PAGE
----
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University of Sheffield professor to help grow UK semiconductor sector


University of Sheffield professor is part of the UK Semiconductor Advisory panel that is set to advise government on how to boost the UK’s semiconductor sector.

An academic from the University of Sheffield is set to help the government boost the UK semiconductor sector, as part of a new advisory panel that held its first meeting last week.

Professor John Goodenough from the University’s Department of Electronic and Electrical Engineering - a world-leader in semiconductor R&D - is part of an expert advisory panel that will help the government ensure a secure supply of chips that are an essential part of every electronic device.

From phones and computers to ventilators and power stations, nearly every piece of technology in the world depends on semiconductors. As a result, they are vitally important for the world we live in, but have been in short supply since the pandemic.

The Semiconductor Advisory Panel, which includes some of the leading innovators from the industry, will advise the government on how to harness the UK’s domestic semiconductor strengths, ensure secure supply of chips, and protect national security.

The panel will help the government deliver its National Semiconductor Strategy - a 20-year vision for the sector around three key goals: growing the domestic semiconductor sector, mitigating the risk of supply chain disruptions and protecting national security.

Professor Goodenough is the only academic in the group, which includes other leading experts from major industry names such as Arm, IQE and Pragmatic.

Professor John Goodenough, Chair in Microelectronic Systems at the University of Sheffield, said: “The world as we know it would grind to a halt without semiconductors - they are a crucial part of every single electronic device that we all use, everywhere in every part of our lives. As we rely on these chips so much, it’s now more important than ever that the UK has the capabilities to produce our own chips for both national security but to also help grow our economy.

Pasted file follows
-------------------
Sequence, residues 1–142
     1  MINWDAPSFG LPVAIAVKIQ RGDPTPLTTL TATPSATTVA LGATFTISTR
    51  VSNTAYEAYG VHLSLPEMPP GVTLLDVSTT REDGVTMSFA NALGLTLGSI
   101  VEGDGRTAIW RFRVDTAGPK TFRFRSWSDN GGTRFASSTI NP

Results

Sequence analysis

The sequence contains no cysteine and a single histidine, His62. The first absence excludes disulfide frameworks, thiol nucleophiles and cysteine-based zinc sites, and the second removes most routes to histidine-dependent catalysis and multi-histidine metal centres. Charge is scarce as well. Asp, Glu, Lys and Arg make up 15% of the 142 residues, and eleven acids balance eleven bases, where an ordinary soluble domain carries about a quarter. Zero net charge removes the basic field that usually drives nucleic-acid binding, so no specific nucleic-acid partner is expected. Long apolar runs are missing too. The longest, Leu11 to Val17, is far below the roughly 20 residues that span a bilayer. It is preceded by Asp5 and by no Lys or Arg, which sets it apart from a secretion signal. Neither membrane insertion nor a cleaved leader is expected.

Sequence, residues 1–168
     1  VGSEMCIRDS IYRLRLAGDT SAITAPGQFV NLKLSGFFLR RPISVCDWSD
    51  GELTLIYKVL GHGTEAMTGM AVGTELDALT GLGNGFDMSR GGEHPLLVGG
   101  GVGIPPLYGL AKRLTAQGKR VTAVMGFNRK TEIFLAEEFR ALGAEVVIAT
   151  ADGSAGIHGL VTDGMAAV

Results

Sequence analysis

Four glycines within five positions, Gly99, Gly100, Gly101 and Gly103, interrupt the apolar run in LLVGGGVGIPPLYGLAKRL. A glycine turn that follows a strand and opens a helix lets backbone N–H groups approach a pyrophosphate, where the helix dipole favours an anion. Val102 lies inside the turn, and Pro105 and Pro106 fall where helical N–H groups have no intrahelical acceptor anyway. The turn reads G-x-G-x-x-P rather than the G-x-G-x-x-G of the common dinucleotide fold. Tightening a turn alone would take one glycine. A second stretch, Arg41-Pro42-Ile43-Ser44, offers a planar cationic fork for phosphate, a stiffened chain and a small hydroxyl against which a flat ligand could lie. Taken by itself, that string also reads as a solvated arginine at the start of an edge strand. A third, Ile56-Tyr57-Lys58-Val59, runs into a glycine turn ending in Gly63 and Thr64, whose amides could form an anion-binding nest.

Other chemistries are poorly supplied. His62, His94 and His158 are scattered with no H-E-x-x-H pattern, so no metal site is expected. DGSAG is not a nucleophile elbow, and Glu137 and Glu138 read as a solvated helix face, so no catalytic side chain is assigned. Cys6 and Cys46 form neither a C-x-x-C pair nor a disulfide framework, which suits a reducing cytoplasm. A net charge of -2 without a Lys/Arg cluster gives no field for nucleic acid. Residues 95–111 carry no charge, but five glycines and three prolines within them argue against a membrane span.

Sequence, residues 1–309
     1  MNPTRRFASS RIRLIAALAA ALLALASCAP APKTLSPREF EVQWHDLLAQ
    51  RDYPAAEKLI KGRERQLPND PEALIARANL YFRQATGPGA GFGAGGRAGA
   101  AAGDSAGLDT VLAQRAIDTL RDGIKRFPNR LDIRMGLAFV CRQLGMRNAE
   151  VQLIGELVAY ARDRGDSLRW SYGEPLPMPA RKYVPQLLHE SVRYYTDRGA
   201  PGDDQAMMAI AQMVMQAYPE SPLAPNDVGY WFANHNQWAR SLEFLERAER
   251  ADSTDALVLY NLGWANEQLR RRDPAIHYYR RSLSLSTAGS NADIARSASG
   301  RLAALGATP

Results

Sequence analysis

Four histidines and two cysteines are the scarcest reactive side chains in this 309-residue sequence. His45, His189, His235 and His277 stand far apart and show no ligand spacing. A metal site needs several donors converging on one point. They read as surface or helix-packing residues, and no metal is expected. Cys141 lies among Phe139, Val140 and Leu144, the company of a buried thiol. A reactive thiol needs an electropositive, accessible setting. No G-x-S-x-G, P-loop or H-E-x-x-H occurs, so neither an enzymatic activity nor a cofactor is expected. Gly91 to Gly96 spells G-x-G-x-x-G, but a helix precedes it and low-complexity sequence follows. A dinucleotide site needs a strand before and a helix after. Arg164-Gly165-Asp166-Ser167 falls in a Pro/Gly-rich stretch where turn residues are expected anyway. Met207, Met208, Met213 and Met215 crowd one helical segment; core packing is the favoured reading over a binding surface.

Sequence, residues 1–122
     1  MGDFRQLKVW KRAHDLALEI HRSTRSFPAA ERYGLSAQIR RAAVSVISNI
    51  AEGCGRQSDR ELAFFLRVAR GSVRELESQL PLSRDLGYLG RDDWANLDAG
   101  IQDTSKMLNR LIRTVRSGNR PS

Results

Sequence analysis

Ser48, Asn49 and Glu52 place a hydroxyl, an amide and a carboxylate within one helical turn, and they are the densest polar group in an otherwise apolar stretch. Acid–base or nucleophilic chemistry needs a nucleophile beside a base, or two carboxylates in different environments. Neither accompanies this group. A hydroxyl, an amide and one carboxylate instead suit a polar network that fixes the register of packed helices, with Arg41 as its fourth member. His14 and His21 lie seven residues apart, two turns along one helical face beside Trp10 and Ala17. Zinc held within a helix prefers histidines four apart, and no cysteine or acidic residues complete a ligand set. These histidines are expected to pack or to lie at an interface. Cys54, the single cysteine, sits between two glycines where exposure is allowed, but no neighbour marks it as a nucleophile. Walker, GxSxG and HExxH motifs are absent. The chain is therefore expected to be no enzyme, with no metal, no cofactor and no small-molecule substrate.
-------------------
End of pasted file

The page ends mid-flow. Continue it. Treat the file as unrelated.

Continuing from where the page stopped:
“I am honoured to be part of this panel that will help keep the UK at the forefront of the global semiconductor industry.”

The University of Sheffield is one of the world’s leading universities for semiconductor research. Its Department of Electronic and Electrical Engineering hosts the National Epitaxy Facility - a critical element of the UK’s semiconductor R&D, which provides the resources and expertise needed to progress new semiconductor technologies from basic discovery to mass manufacture.

Sheffield is also teaching the next generation of semiconductor engineers, helping them develop the skills and expertise the UK’s industry needs.

Through its Electronics and Computer Engineering course, Sheffield is producing graduates that are helping to fill the skills gap in chip design. As semiconductors are becoming ever more important, the University is teaching its engineering students to design chips, with security being a top priority.

The University is also working with semiconductor companies Bay Photonics and Phlux Technology Ltd on an Innovate UK-funded project to address the UK’s skills shortage. The project is creating free online courses for UK schools and a remote lab for semiconductor device testing aimed at students in year 10 and upwards to give them semiconductor skills and knowledge before entering further or higher education.

Professor Goodenough added: “The future of innovation and technology are in the hands of chip designers and manufacturers, so for the UK it is crucial that we have a workforce highly skilled in semiconductors so we can compete on the international stage. This is what we are doing at the University of Sheffield - we’re using our world-leading semiconductor R&D to inform our teaching to help make our engineering graduates the most skilled in the world and boost our domestic capabilities.

“I am excited to work across academic and industry ecosystems to inspire the next generation of engineers to join us on this important journey. One which will provide the semiconductor design and manufacturing technologies that will underpin multiple growth opportunities and deliver societal benefits in net-zero, AI and advanced communication.”

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